A closer look at the Palm Pre and webOS

The Palm Pre smart phone and the company's much-anticipated new operating system--called webOS--are among the most buzzed-about products to come out of CES this year.

The Palm Pre.

The Palm Pre.

Multitasking Made Easy

Like Google Android, Palm's webOS can handle full multitasking--something the iPhone can't do. Palm uses what it calls "a deck of cards model" for managing multitasking: You can view each of your open applications at once, shuffle them any way you choose, and then discard the ones you want to close. All of this is done with intuitive gestures that mimic handling a physical deck of cards. Apps remains live, even when minimized into the card view, so changes can continue to happen in real-time, even if you've moved on to another activity.

WebOS also has a nifty Notifications app, a small alert that pops up at the bottom of the screen when you have an incoming call, text message or e-mail, but does so without interrupting whatever app you have open.

The calendar has color coordination and multiple calendar support. The big news is that you can subscribe to public and specific calendars, like those on Google and Facebook. If you use the Pre to add something to your Google calendar, that info will be synced with that on Google's Calendar Web site.

Likewise, the Synergy email interface makes it easy to check and search through multiple e-mail accounts. Select a contact, and webOS will autopopulate an e-mail with that contact's info. Better still: If you have multiple e-mail accounts set up, you can choose which address to send from while within the message.

The Messaging application now combines both SMS and instant messaging into a single umbrella. The conversations are threaded (as they are on current Palm OS-based phones), and can represent ongoing conversations with one contact, across multiple systems (ie, you start the conversation via text, and continue via AOL Instant Messenger).

The Web browser renders pages beautifully. You can have as many browser windows open as you want (you're only limited by the available memory) and you can still save pages for offline viewing (for example, while in flight)--a huge boon that Palm-OS devices have always had, and competing devices lack.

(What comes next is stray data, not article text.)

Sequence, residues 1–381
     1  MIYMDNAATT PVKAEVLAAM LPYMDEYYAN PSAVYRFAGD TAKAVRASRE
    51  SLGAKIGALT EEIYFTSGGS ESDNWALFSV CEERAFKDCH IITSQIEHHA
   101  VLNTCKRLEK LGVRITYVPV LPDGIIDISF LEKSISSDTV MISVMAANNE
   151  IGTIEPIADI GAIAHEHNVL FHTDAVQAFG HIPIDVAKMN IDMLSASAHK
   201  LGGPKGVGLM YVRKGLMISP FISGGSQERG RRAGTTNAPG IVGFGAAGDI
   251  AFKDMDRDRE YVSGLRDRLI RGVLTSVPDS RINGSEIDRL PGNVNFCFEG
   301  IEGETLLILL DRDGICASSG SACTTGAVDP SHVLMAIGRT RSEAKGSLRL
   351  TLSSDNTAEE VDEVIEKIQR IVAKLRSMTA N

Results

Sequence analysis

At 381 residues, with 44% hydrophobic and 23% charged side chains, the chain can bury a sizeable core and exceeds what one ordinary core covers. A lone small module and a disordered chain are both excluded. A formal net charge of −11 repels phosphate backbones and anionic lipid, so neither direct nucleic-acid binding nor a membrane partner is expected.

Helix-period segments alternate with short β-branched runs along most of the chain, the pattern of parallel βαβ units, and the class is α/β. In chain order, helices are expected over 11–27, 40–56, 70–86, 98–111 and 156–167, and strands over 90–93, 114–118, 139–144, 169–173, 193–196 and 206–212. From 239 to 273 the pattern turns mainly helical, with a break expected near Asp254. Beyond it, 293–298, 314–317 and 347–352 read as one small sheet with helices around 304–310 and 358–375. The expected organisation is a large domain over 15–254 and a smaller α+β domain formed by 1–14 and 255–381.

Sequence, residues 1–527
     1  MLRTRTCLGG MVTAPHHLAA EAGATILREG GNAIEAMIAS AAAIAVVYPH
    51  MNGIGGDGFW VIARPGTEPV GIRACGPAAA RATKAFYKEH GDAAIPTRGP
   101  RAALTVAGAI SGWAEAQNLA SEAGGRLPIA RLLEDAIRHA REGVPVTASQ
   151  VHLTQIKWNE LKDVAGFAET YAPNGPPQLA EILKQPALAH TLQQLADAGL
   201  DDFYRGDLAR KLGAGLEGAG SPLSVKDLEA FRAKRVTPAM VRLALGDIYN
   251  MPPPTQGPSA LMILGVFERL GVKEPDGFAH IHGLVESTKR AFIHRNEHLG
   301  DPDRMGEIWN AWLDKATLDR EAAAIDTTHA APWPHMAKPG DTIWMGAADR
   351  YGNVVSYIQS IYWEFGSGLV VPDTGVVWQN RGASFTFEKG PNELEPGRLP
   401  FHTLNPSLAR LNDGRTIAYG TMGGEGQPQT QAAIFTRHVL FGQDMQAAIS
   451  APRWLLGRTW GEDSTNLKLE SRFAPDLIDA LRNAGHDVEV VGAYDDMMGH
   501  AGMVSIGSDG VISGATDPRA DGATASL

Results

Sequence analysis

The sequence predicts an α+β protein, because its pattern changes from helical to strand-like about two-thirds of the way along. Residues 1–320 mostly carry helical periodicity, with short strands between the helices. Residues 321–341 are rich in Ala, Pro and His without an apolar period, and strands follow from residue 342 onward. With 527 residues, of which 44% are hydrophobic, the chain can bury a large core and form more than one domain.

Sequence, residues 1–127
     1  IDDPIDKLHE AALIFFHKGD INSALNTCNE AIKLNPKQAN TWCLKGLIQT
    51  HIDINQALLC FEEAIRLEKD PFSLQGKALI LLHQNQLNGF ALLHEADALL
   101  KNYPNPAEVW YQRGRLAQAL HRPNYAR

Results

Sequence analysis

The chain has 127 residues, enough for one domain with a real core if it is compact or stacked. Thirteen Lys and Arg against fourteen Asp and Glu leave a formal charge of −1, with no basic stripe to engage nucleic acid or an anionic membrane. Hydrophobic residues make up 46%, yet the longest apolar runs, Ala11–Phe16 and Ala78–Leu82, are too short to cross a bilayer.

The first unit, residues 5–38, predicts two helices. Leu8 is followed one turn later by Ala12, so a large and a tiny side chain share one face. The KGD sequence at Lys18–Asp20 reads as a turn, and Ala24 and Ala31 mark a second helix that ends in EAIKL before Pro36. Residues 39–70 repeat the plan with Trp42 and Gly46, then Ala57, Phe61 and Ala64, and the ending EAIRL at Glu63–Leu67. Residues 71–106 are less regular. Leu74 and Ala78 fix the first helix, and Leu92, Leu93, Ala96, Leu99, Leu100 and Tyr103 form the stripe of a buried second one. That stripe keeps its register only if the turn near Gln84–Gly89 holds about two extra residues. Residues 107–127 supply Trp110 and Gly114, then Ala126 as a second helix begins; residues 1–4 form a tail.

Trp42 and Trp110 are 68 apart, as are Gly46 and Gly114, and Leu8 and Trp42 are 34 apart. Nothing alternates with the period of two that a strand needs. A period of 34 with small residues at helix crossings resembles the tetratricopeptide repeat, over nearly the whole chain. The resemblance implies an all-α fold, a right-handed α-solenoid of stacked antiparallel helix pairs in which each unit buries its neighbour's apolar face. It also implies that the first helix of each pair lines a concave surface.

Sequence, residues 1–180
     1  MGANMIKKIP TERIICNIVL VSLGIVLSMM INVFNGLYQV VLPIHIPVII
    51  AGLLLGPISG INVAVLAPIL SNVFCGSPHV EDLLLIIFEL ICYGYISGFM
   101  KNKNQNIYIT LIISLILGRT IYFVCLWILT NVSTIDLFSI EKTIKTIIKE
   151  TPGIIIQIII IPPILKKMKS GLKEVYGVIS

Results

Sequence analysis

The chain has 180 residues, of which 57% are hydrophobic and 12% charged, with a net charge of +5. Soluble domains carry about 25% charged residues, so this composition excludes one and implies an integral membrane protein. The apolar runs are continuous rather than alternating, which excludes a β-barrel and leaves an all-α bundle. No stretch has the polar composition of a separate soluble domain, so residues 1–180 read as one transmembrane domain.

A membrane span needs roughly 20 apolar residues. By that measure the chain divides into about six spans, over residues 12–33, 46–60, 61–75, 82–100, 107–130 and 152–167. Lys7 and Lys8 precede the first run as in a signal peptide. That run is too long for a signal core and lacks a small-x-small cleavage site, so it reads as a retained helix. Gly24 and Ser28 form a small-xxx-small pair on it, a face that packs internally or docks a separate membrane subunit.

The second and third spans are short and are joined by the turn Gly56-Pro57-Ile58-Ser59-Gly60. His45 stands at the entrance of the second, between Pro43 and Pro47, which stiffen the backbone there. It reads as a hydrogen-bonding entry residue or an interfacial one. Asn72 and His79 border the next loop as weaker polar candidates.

Pre users will have access to Amazon's Mobile Music Store, also seen on Google's Android-based G1. The store makes it easy to download DRM-free tracks directly to the phone.

During our demo, the Pre's built-in accelerometer seemed quite responsive, but not overly sensitive. For example, the display doesn't flip until the phone is almost completely horizontal. One of the most frustrating things about the iPhone is that the display will rotate when you don't want it to, especially if you're holding it at a slight angle.

Another cool feature on the Pre is its ambient light sensor. If you're in a movie theater or dark environment, and you receive a message or call, the display will show up darker than normal.

The Pre will receive updates over-the-air in the background; and all software installation will be done over the air. Palm has already said it expects to have an app store, which will bring it in line with Apple, Blackberry, and Google Android.

Overall, from the short time we spent with the Pre, we saw plenty that we liked. The device looks promising--now, the wait for an actual shipping unit begins. Palm says it will ship later this year on the Sprint network.

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